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    And this has no basis in biblical support. The death penalty PREDATES Israel. So you can't go under the law for Israel. It is the law for humanity in general. Genesis 9:6
     
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  11. JonC

    JonC Moderator
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    Paul was guilty of accessory to murder before the fact (encouragement, holding their coats). Were this merely an after the fact crime he could get 15 years in prison. But as it was before the crime he could be face the same charge as the principal.

    My question is how Paul's actions aligns with our sense of justice?

    I think many would say he could be forgiven, but still must be convicted for his crime.

    We look to the guy waiting in the getaway car as just as guilty as the robber who kills the guard when things go wrong.
     
  12. kyredneck

    kyredneck Well-Known Member
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    Compare:

    "Ignorance of the law is no excuse".

    With:

    13 though I was before a blasphemer, and a persecutor, and injurious: howbeit I obtained mercy, because I did it ignorantly in unbelief; 1 Tim 1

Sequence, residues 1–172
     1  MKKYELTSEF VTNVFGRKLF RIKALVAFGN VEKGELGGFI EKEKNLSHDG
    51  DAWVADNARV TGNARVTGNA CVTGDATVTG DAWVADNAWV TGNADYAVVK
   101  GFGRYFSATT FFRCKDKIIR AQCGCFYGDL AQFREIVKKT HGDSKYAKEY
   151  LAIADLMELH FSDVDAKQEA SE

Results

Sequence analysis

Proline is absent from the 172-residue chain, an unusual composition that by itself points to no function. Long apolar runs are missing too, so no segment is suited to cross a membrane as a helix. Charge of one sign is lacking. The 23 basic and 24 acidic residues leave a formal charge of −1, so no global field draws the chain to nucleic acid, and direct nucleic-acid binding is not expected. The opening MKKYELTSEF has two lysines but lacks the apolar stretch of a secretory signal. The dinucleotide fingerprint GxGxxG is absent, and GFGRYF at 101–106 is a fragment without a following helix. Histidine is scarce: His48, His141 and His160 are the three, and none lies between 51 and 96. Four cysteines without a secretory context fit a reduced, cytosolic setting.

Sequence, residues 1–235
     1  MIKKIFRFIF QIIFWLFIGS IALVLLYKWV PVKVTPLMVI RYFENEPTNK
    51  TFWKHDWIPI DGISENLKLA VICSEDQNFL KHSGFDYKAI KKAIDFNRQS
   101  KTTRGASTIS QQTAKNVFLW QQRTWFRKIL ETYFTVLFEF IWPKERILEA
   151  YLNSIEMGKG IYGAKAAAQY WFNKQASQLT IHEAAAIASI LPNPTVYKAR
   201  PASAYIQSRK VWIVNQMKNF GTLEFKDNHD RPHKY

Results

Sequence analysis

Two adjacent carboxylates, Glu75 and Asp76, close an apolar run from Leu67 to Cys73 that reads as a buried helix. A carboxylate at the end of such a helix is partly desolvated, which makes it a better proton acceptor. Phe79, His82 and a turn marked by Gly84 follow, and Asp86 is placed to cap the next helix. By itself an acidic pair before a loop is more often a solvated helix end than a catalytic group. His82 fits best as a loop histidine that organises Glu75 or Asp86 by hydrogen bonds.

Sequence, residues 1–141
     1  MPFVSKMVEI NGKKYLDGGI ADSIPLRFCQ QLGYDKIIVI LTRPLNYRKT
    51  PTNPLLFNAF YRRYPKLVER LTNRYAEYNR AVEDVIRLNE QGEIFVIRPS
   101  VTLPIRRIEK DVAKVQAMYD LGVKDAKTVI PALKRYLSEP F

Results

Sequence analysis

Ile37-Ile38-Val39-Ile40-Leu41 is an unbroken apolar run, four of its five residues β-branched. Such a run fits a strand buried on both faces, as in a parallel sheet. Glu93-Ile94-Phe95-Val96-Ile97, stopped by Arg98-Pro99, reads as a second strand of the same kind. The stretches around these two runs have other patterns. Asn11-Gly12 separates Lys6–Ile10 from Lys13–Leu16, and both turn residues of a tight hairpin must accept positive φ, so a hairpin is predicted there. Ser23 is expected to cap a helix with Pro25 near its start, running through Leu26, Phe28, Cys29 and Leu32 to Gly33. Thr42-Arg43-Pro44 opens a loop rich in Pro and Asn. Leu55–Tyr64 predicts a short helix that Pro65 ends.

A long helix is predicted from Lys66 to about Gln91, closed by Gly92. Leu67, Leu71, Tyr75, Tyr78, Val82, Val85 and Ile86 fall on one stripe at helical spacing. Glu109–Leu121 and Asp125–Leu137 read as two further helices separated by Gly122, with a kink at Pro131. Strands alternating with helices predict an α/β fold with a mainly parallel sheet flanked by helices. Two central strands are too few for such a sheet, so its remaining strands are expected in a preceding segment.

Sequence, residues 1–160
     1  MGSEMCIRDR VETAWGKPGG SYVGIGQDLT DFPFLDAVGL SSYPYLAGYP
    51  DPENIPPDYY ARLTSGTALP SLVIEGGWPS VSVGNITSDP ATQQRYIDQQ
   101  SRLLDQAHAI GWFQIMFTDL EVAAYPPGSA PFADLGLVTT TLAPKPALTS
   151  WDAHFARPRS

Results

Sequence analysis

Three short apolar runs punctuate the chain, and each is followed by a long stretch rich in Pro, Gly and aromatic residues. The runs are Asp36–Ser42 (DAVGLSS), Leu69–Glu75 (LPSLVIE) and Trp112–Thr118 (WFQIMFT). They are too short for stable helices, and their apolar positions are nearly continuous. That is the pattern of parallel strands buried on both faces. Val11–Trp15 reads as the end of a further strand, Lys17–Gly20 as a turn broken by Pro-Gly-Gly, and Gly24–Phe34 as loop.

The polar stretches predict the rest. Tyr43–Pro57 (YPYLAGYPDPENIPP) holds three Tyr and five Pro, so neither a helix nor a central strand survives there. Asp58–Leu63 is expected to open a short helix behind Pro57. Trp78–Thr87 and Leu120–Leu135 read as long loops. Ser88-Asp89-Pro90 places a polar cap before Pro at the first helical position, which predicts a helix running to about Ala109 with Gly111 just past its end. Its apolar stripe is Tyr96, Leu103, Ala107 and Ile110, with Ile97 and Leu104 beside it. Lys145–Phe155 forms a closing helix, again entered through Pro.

I've no doubt Christ had Paul in mind here:

    2 They shall put you out of the synagogues: yea, the hour cometh, that whosoever killeth you shall think that he offereth service unto God. Jn 16
     
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  13. canadyjd

    canadyjd Well-Known Member

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    First, Genesis 9 is not a “law”. There were no governments. It is a reference to the ancient near East custom of the “blood avenger”. If you “shed blood”, even by accident, a near relative could seek to kill you.

    Second, there is no absolute command from God that murder be punished by death.

    Prior to the flood and before the OT Law, Cain murdered Abel and God did not require his desth and, in fact, forbade others from killing him.

    After the flood, but before the OT Law, Moses murdered the Egyptian and hide his body in the Sand. God did not require his death.

    After the OT Law, David killed Uriah by proxy to hide his sin with Bathsheba. God did not require his death.

    After Christ came, Paul, by his own statement, persecuted Christians to the death. God did not require his death.

    When Jesus told the Pharisees “the one without sin be the first to cast a stone…” He wasn't just shaming them. He was referencing the OT Law concerning the death penalty.